We also made a delightful salad of escarole--a new green for me, and one I'll remember--with ricotta salata (aged Ricotta cheese), shaved sunchokes, Marcona almonds and a lemon vinaigrette. Raw sunchokes have a much milder, blander flavor than I'd thought. Then again I have only encountered that odd little bulbous nubbin in one other dish: The Thomas Keller Sunchoke Soup. THAT dish we made with old Tommy K (as he is known in some kitchens) himself for a big shebang. I feel I almost ruined the whole event, but that is a tale for another time.
Sunday, April 1, 2007
I'm Rachel, the co-poster here at Gastronofiles. I moved to Boston last July from China, where I edited the Beijing section of a large (ish) expatriate entertainment magazine. (Incidentally I took over that job from the lovely Jenny, but I'll let her tell you about that if she so chooses.) While in Beijing I wrote and edited hundreds of 200-500 word articles on the following two themes: Yes Expatriates, A Western Lifestyle IS Possible in China! And, Let Me Interpret This Weird Chinese Custom For You!
You know, the meaty, hard-hitting stuff.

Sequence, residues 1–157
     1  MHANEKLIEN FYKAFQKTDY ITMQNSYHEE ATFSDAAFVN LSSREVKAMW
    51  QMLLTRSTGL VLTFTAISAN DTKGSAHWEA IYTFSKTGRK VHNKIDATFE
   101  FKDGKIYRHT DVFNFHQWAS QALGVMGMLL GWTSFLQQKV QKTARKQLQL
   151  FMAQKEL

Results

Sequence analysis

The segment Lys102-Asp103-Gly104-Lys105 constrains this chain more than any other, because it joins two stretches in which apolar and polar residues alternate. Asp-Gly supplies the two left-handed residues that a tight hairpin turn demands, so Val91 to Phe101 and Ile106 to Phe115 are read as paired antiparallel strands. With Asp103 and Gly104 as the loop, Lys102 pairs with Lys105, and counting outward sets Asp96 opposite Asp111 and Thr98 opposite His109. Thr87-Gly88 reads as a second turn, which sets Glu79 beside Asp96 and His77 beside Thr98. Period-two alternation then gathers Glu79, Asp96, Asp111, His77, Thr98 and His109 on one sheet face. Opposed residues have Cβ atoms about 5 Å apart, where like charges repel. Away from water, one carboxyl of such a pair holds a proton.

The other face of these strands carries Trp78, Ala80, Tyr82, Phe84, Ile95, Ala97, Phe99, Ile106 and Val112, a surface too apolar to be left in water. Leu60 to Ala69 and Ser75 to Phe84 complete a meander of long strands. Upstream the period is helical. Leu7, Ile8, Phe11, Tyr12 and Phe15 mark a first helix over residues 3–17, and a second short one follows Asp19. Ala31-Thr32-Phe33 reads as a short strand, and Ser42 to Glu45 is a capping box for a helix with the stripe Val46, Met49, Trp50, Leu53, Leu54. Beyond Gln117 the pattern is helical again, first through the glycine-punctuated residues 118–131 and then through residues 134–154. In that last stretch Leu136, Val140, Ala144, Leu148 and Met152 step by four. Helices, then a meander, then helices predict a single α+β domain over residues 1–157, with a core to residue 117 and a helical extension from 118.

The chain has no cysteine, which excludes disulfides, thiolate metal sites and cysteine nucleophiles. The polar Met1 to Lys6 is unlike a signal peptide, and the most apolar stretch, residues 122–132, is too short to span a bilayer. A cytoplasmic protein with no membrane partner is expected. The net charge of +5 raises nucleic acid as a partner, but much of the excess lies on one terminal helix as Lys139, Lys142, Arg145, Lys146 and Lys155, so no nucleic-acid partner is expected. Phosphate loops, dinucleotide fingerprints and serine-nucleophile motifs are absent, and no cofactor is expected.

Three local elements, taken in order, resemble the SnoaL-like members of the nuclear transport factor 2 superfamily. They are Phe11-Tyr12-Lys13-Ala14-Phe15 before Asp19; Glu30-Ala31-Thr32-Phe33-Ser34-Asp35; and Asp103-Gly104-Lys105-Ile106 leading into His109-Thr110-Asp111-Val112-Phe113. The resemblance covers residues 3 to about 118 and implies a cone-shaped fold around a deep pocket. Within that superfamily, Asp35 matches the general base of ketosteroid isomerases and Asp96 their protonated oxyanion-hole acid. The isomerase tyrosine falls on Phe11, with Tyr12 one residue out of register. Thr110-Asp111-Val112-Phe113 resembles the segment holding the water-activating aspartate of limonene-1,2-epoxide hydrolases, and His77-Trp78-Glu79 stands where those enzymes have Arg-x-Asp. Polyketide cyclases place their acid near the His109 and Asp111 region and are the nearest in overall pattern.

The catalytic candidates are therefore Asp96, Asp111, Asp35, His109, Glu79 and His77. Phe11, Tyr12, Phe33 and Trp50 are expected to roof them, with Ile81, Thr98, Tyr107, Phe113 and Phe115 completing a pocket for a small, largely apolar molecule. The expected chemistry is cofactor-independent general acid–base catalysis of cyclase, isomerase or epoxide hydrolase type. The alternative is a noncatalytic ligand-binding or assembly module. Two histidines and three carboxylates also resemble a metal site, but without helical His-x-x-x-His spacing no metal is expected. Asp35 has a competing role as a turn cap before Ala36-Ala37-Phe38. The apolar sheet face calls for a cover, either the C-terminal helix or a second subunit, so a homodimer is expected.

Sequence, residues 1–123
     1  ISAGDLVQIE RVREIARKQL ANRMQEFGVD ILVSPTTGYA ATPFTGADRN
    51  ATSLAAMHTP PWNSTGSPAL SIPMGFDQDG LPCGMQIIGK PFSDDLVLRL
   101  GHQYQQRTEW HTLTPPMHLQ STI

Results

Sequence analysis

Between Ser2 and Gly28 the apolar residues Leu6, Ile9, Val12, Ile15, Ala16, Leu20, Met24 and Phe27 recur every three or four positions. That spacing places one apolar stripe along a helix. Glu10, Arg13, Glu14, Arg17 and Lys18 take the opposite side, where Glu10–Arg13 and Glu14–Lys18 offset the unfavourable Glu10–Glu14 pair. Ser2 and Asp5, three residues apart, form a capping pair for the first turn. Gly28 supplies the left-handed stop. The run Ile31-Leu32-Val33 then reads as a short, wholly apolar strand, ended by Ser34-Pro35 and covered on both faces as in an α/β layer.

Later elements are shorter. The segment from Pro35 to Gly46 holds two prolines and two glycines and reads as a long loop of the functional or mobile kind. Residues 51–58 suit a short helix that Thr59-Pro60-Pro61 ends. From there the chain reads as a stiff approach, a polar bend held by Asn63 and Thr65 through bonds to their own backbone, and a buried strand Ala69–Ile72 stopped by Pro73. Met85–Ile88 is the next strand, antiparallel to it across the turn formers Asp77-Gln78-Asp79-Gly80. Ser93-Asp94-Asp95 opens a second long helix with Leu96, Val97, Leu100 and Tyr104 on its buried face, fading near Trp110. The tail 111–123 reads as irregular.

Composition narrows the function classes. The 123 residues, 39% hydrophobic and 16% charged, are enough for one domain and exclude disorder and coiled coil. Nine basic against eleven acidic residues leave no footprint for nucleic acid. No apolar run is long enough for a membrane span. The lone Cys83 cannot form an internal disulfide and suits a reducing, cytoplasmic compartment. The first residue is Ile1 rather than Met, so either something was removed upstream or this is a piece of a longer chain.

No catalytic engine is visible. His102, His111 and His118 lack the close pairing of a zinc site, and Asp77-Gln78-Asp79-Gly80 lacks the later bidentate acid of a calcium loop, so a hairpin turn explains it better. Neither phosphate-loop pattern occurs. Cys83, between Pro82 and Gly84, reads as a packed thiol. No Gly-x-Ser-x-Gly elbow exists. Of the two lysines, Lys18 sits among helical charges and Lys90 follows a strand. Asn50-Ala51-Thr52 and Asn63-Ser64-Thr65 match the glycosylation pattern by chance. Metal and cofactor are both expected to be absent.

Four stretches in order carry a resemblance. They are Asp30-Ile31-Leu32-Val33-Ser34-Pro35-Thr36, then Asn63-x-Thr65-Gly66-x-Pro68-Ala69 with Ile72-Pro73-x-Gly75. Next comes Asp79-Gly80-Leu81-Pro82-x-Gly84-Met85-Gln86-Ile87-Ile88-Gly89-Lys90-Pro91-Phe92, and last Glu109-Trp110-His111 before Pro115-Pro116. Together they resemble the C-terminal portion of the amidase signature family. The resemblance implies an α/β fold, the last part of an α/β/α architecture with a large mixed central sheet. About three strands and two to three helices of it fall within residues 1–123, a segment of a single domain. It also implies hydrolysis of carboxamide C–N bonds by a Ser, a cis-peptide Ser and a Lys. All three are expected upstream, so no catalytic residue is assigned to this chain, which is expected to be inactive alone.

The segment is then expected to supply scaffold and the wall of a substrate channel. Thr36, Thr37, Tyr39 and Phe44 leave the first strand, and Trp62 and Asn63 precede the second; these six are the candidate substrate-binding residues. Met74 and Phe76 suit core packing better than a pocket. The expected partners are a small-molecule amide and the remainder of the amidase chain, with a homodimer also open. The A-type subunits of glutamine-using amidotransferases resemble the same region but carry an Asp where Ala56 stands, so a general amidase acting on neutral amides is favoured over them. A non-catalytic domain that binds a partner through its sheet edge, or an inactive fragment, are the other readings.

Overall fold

But were it not for that illustrious occupation I don't think I'd be here. I also wouldn't have racked up hundreds of dollars worth of acupuncture and therapy bills, but so it goes.
Today I'm a culinary student in Boston University's Certificate of Culinary Arts Program. I'm also getting a Master of Liberal Arts in Gastronomy from Metropolitan College, a division of BU. I'm hoping to do a Master's thesis on food centered creative-nonfiction, perhaps with a focus on Chinese food. The Culinary Arts Program is a 14 week long intensive cooking course in which you're taught by culinary bigwigs to the nth degree. In the past couple of months I've been lucky enough to work with Boston-based chefs like Michael Leviton, Longteine de Monteiro, Jorg Amsler, Raymond Ost, and Kevin Crawley. To my neverending amazement, I've cooked with Sara Moulton and Thomas Keller and will spend three days in April with Jacques Pepin. I do not particularly know what I am doing.
I'm intending my posts to chronicle my culinary endeavors in the CAP and beyond. When I'm not cooking or thinking about it, I am putting off exercise and reading celebrity gossi--er, Proust.
Friday, March 30, 2007
On all other days I go grocery shopping and add food to my kitchen. Why on this day do I discard all my grains?
This morning I cleaned my kitchen for Passover, removing everything that is forbidden during the holiday: flour, rice, beans, oats, corn, and legumes. Technically, I don’t have to do this until the day before Passover – Sunday this year – but Alex and I are going to